I should say right out front that I am not a marshmallow expert. I haven't studied the science of marshmellow-ology, neither am I accredited by any national marshmallow research agencies. That said, here is my answer. As I understand it a marshmallow is pretty much the same as a sponge or a rice crispy (not in the way they taste, but in the way they are put together). The structure of all of these things is also like a foam. If you look at your bath when you have a lot of soap in the water you will notice that huge mounds of suds form. Those mounds, if you look at them closely, are made up of thousands of tiny bubbles.

Now, with marshmellows, rice crispies, or sponges the same thing is happening except that the wall of the bubble is made out of marshmellow, or rice crispy, or sponge. If you look very closely at any of these things you will see that they are made up of thousands of tiny bubbles of material all jammed together."That's great," you are probably saying by now, "but what does that have to do with whether a marshmallow explodes or not?" To answer that I'll need to give two examples. The first is something that certainly _would_ explode in outer space, a soap bubble. Now a soap bubble doesn't burst down here in the atmosphere because the air pressure inside the bubble is the same as the air pressure outside. As you go higher and higher there is less and less air, therefore lower and lower air pressure. Once you get to outer space there is practically no air at all so the air pressure outside of the bubble is almost zero. If we were to take a soap bubble from your bath and raise it up higher and higher it would expand, because the air pushing from the inside would be pushing harder than the air from the outside. Once it had stretched as far as the soap could stretch it would burst.

My other example is a whiffle ball. You might at first glance say that a whiffle ball is a lot like a soap bubble, they are both round at least. But as I take the whiffle ball higher and higher the air inside it, instead of pushing on the sides of the whiffle ball and making it expand, just rushes out the holes. If I take it all the way into space the whiffle ball would be just fine, only it wouldn't have any air in it any more.

Now back to marshmellows. When the marshmellow is first formed it is made out of some white gooey liquid. Just after it is formed into the marshmellow shape it is a lot like a collection of soap bubbles. If you were to take it into space at that point you better be prepared to make interstellar rice crispy treats because you'd have marshmellow everywhere. You may have noticed, however, that is not what the marshmellow looks like when you take it out of the bag. It's basically just a soft, fluffy ball. That is because it has dried, and as it dried all of the little bubbles that make up the marshmellow go from having liquid walls to squishy semi-solid walls. In its dried form a marshmellow looks a lot more like a collection of thousands of tiny, soft, whiffle balls than tiny soap bubbles. So my answer is no, I don't think it will explode. But then again I haven't tried it, so who knows?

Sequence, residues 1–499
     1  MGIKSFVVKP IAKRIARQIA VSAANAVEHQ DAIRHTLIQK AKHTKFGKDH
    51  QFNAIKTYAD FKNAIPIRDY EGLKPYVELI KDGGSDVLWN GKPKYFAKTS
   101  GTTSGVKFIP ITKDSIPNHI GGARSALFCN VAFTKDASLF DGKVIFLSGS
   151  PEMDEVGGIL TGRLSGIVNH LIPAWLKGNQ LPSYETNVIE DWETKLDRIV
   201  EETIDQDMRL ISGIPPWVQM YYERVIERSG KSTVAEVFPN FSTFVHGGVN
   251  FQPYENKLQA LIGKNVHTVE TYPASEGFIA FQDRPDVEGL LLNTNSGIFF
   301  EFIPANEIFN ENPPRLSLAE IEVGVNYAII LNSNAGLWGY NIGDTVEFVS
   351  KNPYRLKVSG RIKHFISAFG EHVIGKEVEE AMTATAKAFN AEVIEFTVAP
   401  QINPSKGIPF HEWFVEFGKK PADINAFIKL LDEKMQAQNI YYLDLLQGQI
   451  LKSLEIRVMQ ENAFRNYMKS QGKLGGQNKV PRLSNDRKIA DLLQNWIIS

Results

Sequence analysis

*When I'm talking about sponges in my answer above I mean sponges that are made synthetically. There are animals called sponges that live in the ocean and they grow by a totally different process. If you want to know more about "aquatic" (meaning water-living) sponges the encyclopedia is a good place to start.

Answer 7:

A marshmallow in outer space would explode for sure! The physical science instructor at Allan Hancock College in Santa Maria does a demo for his class in which he takes a glob of whipped cream and places it in a glass bubble that he can suck the air out of, making it nearly a vacuum, like in outer space. Wow, you should see that whipped cream expand!

What would happen if you took a marshmallow down to the bottom of the ocean in a submarine? (OK, let's say you put it in a plastic bag to protect it from the water so it won't dissolve!)

Answer 8:

Actually, I have never thought in sending a marshmellow into space...
(1)The more you go up in altitude, the less pressure you have,
(2) In space, there is the vacuum.
So any object sent to space should explode.